Nairobi city centre’s restaurant and eating scene is definitely evolving.
While existing facilities are dominated by the franchised fast food snack places popular with students and formerly branded “Kenchic”, several other independent establishments exist. These run the gamut from kiosks to food courts.
The newest fad though it seems is the explosion of “coffee houses” evidenced by the numerous establishments selling the beverage. It is hard to turn a street without noticing one.
Restaurant chain Java’s recent franchising has seen the brand spread almost all over the entire city. In between one-shop coffee brands are also trying to come up.
While medics and the “healthy food” bandwagon have been bashing fast food restaurateurs, there seems to be hardly enough alternatives offered.
On the rare occasions I’ve found myself in town and in need of good old plain authentic African cuisine, some walking is required.
Borrowing from the Java chain franchising, the question arises whether it is possible to take an authentic African food restaurant and scale it up to the level of 20 or more units.
Highlands, G and R and Iroko restaurants are my favourite establishments with rich traditional African food menus. The former two are in the city while Iroko’s outlets are concentrated in the North Rift towns of Kitale and Eldoret.
Judging by the client numbers in these three establishments, it is indeed possible to serve healthy foods at multiple outlets and stay profitable.
The push for a return to traditional diets isn’t without reason though. Medics and epidemiologists have shown an association between new diets and many of the lifestyle illnesses like diabetes, hypertension now rising in poor African families too.
One other often ignored condition linked to diet is the gastro esophageal reflux disease or GERD as we label it and associated syndromes.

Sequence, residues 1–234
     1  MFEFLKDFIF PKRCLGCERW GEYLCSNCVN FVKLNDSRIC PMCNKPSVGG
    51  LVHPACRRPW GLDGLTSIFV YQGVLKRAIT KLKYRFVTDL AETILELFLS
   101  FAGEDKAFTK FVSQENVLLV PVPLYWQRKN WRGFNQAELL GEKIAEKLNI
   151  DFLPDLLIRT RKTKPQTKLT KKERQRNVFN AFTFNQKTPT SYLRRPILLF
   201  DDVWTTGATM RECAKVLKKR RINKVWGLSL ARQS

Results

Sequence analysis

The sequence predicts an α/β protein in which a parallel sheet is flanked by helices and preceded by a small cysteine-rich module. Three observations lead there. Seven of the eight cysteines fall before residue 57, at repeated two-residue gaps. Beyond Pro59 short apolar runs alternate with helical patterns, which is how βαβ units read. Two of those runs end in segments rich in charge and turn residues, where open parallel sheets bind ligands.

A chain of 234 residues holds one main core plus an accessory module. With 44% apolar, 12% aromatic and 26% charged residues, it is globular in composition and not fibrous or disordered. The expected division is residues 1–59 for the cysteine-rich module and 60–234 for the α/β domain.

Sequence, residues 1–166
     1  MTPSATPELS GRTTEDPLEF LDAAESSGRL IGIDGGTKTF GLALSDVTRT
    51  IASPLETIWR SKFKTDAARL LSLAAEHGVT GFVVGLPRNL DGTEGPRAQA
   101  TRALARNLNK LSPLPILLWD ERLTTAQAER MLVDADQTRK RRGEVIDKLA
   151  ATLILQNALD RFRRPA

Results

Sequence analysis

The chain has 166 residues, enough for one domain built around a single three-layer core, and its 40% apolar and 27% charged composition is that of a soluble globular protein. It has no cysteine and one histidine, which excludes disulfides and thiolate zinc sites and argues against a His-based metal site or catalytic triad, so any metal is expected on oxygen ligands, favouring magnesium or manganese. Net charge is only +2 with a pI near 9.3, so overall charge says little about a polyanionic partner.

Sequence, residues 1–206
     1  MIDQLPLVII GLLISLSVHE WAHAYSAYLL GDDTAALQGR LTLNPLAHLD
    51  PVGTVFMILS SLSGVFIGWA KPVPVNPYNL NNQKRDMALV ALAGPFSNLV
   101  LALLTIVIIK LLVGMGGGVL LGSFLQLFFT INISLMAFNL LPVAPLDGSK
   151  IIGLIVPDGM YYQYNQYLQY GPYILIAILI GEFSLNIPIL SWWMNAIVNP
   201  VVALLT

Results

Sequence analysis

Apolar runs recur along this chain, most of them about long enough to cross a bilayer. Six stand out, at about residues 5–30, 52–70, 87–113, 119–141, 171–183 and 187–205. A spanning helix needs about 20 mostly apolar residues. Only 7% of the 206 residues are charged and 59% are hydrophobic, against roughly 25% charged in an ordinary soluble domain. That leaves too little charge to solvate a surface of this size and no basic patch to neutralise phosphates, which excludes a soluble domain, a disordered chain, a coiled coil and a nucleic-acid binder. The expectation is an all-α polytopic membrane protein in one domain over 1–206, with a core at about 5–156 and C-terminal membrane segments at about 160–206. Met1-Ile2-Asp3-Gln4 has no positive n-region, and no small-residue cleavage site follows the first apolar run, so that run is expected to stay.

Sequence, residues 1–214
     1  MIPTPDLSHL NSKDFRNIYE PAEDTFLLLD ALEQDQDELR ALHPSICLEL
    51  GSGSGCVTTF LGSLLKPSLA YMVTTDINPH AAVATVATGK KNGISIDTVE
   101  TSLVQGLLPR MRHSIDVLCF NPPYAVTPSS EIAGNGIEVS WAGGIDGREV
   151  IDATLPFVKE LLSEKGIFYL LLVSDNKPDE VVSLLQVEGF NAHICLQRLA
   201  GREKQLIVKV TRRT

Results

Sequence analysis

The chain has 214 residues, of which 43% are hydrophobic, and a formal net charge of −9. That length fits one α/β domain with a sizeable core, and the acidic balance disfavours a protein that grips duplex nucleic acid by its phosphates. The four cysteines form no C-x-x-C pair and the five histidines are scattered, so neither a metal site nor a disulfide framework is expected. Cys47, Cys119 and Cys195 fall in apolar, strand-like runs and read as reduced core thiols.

Commonly described as heartburn and stomach ache or “ulcers”, it ranks as one of the most common reasons for pharmacy and hospital visits directly linked to food eaten.
For those of us promoting traditional healthy diets, a look at the entire ecosystem is needed for such initiatives to work.
A common complaint from African foods restaurateurs is the high cost of their “raw materials”.
Take arrow roots and ground nuts for instance. Though healthier as a breakfast, their price per weight means few can afford it. The same applies for homesteads thinking of returning to these diets. On supermarket shelves sorghum, millet and traditional vegetables are expensive for most families.
The gradual reduction in acreage under these foods is worrying. There seems to be hardly anyone doing commercial farming or on a scale large enough to avail them at comparable or lower costs. To lower the costs, these foods have to be produced in bulk.
Storage is also an issue since most are perishable. A few establishments have resorted to sun drying traditional vegetables and tubers for consumption later on. However all that done without investments in marketing and promotion cannot work either.
Judging by the billboards, television, radio and print advertisements, traditional food advocates seem to be outspent on marketing by junk food vendors.
Packaging the healthy diets and marketing them as “hip” foods with an on-the-go aspect may help shed the “bland” tag they carry.
The Ministry of Health and health insurance firms should promote the healthy food consumption campaigns. In the long term it is a better bet on their savings.
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